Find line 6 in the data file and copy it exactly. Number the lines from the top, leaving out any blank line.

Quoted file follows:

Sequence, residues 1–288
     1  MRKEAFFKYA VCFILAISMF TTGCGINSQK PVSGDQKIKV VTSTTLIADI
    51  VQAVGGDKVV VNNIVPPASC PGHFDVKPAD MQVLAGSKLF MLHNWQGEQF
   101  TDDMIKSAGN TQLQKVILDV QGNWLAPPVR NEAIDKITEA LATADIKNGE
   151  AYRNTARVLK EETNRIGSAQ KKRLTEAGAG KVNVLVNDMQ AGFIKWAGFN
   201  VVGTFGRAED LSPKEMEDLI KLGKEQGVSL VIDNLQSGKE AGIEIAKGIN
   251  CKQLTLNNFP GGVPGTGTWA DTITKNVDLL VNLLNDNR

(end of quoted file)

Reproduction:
   201  VVGTFGRAED LSPKEMEDLI KLGKEQGVSL VIDNLQSGKE AGIEIAKGIN